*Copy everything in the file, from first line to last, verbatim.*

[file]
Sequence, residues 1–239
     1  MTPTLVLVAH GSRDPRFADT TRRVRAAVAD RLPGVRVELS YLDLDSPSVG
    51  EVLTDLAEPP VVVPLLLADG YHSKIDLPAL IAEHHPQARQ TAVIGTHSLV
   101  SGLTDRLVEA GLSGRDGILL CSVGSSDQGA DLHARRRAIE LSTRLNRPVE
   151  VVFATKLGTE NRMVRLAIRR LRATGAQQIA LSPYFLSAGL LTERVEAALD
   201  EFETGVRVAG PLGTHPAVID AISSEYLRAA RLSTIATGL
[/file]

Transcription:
Sequence, residues 1–239
     1  MTPTLVLVAH GSRDPRFADT TRRVRAAVAD RLPGVRVELS YLDLDSPSVG
    51  EVLTDLAEPP VVVPLLLADG YHSKIDLPAL IAEHHPQARQ TAVIGTHSLV
   101  SGLTDRLVEA GLSGRDGILL CSVGSSDQGA DLHARRRAIE LSTRLNRPVE
   151  VVFATKLGTE NRMVRLAIRR LRATGAQQIA LSPYFLSAGL LTERVEAALD
   201  EFETGVRVAG PLGTHPAVID AISSEYLRAA RLSTIATGL